Finally, we also addressed the potential confound effect of the APOE ε4 allele due to its known influence on RSFC (Reinvang et al. 2013). We identified ε4 carriers and, after removal of ε4 effects, the pattern of age-related changes remained very similar to the one we identified before (Figs 3–6 and Supplementary Figs 2–5). This indicates that the pattern of aging effects on RSFC was not secondary to APOE genotype.

Future Perspectives

We have characterized a pattern of age-related changes in RSFC that would not be found had we focused on a few brain regions or networks as is common in both seed-based studies and independent component analyses. It is now clear that distinct patterns of RSFC emerge from choosing different perspectives to extract information and analyze data. The importance of adopting a broader perspective of brain functional connectivity has been highlighted by others (Power et al. 2010). However, there are still many obstacles to an accurate and definitive identification of distinct brain regions so that there is no “gold standard” for brain parcellation yet (Van Essen 2013). Thus, future studies in the field of aging-related brain changes could benefit from adopting a multiple perspective approach to yield complementary results.

Describing the results from functional connectivity fMRI studies as simple increases and decreases in functional connectivity can lead to misleading interpretations. This is because functional connectivity results from correlations, which can be positive or negative. Therefore, “increases” in RSFC may imply an increment in the magnitude of positive correlation or a loss of anticorrelation. Thus, without a clear description, a positive association between RSFC and cognitive performance can have 2 different meanings: Better performance might be related to greater magnitude of positive correlations or to decreased anticorrelations. However, in some articles, this distinction is not clearly described, perhaps because anticorrelations are much less common than positive correlations. The importance of this distinction has been clear both in our study and in previous investigations (Meier et al. 2012; Geerligs et al. 2015). More specific and clear descriptions such as increased or reduced positive correlation and increases or decreases in anticorrelation should be used when appropriate. When anticorrelations are not found or are excluded from analysis, this should also be clearly stated.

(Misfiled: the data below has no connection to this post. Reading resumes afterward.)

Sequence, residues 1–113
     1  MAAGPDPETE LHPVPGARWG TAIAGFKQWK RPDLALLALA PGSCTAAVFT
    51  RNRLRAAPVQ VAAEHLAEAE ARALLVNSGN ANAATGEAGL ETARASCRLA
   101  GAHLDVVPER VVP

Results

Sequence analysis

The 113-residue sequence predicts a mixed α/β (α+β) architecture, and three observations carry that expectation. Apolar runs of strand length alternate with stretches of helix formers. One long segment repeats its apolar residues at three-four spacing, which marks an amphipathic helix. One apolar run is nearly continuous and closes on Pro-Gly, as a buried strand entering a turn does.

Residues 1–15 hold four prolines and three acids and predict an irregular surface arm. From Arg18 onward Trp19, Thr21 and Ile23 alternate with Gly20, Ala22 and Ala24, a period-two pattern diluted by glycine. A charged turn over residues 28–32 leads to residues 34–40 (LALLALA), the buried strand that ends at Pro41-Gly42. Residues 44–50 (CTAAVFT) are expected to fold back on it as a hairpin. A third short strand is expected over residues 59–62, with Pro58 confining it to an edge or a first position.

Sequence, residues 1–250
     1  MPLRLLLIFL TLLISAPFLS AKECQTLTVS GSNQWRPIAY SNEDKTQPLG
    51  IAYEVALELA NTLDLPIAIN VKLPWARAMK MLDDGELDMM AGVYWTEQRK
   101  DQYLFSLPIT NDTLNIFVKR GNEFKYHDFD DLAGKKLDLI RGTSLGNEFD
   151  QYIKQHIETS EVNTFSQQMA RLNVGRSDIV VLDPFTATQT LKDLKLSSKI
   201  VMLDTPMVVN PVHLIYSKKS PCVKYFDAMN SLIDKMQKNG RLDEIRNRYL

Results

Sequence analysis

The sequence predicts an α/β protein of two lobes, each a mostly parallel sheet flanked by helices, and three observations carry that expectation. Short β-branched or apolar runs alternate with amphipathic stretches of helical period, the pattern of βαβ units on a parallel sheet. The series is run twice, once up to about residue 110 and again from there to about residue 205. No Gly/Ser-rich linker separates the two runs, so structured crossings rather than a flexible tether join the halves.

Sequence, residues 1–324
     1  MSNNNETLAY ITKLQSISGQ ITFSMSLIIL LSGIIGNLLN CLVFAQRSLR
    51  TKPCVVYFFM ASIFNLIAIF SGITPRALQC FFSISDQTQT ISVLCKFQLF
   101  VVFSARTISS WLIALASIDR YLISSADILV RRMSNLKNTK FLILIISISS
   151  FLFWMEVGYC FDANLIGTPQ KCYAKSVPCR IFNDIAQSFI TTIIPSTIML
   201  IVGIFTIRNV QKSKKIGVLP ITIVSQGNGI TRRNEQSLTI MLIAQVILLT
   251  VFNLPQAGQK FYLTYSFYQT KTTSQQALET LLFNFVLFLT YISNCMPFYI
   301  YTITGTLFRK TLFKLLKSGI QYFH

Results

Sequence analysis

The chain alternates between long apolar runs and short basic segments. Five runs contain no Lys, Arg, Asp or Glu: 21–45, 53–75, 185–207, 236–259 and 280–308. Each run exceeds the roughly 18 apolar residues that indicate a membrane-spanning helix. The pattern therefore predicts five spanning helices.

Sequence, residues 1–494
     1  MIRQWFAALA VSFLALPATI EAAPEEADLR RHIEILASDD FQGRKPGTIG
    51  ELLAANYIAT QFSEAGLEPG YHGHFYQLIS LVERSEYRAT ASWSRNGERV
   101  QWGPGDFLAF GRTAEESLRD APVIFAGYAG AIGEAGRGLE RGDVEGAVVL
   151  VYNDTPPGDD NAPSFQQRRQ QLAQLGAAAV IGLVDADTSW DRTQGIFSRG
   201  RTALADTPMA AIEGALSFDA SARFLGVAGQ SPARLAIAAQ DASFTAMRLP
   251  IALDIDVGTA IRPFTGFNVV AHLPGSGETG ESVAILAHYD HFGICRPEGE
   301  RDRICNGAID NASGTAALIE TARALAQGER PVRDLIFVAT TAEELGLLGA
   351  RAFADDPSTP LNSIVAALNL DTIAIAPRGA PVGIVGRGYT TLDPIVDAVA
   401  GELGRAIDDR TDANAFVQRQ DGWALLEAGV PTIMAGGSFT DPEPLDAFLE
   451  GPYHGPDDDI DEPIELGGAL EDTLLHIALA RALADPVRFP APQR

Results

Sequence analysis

The neurobiological significance of different changes in RSFC is still a matter of debate. Dopaminergic deficits, white matter disruptions, gray matter atrophy, and amyloid deposition are frequently cited as culprits (Ferreira and Busatto 2013). Age is related to all these processes so that it is plausible that they all play roles in shaping brain functional architecture. It would be very relevant to identify how each of these phenomena determines age-related changes in brain functional connectivity.

Another main avenue for research is the impact of amyloid burden on RSFC. Amyloid deposition is known to have a significant effect on connectivity (Sheline and Raichle 2013) and 20–40% of the elderly population present asymptomatic amyloidosis (Jack et al. 2014). As amyloid imaging techniques become more available, the importance of distinguishing the samples of normal elderly in amyloid negative and positive is emerging as an important feature of new studies (Koch et al. 2014).

Conclusion

In this RSFC study of adults with no cognitive deficits and no lifetime psychiatric disorders, the functional connectivity hallmark of normal brain aging was a diffuse increase in internetwork positive correlations with a focal loss of anticorrelations, involving mainly the connections between the DMN and the attentional networks. The careful sample selection process of this study is unprecedented in the field of RSFC of normal aging, and our whole-brain, hypothesis-free strategy allowed us to better characterize a pattern of functional changes that extends beyond the commonly described age-related decreases in RSFC. Based on our results, age is not only related to decreases in RSFC within the DMN but also to diffuse increases in positive correlations between different networks and focal losses of anticorrelations, especially between the DMN and the attentional networks. These results reinforce the notion that the aging brain undergoes a dedifferentiation process and that late neurodevelopmental stages are particularly vulnerable to aging.

Supplementary Material

Supplementary material can be found at: http://www.cercor.oxfordjournals.org/.

Funding

This study was supported by São Paulo Research Foundation (FAPESP, grants 2011/00475-3 and 2012/50329-6 and scholarships 2012/11898-5 and 2010/17083-8) and by Coordenação de Aperfeiçoamento de Pessoal de Nível Superior (CAPES–PROEX).

Notes

We thank Fabio L. Duran for valuable technical assistance during the data processing steps. Conflict of Interest: None declared.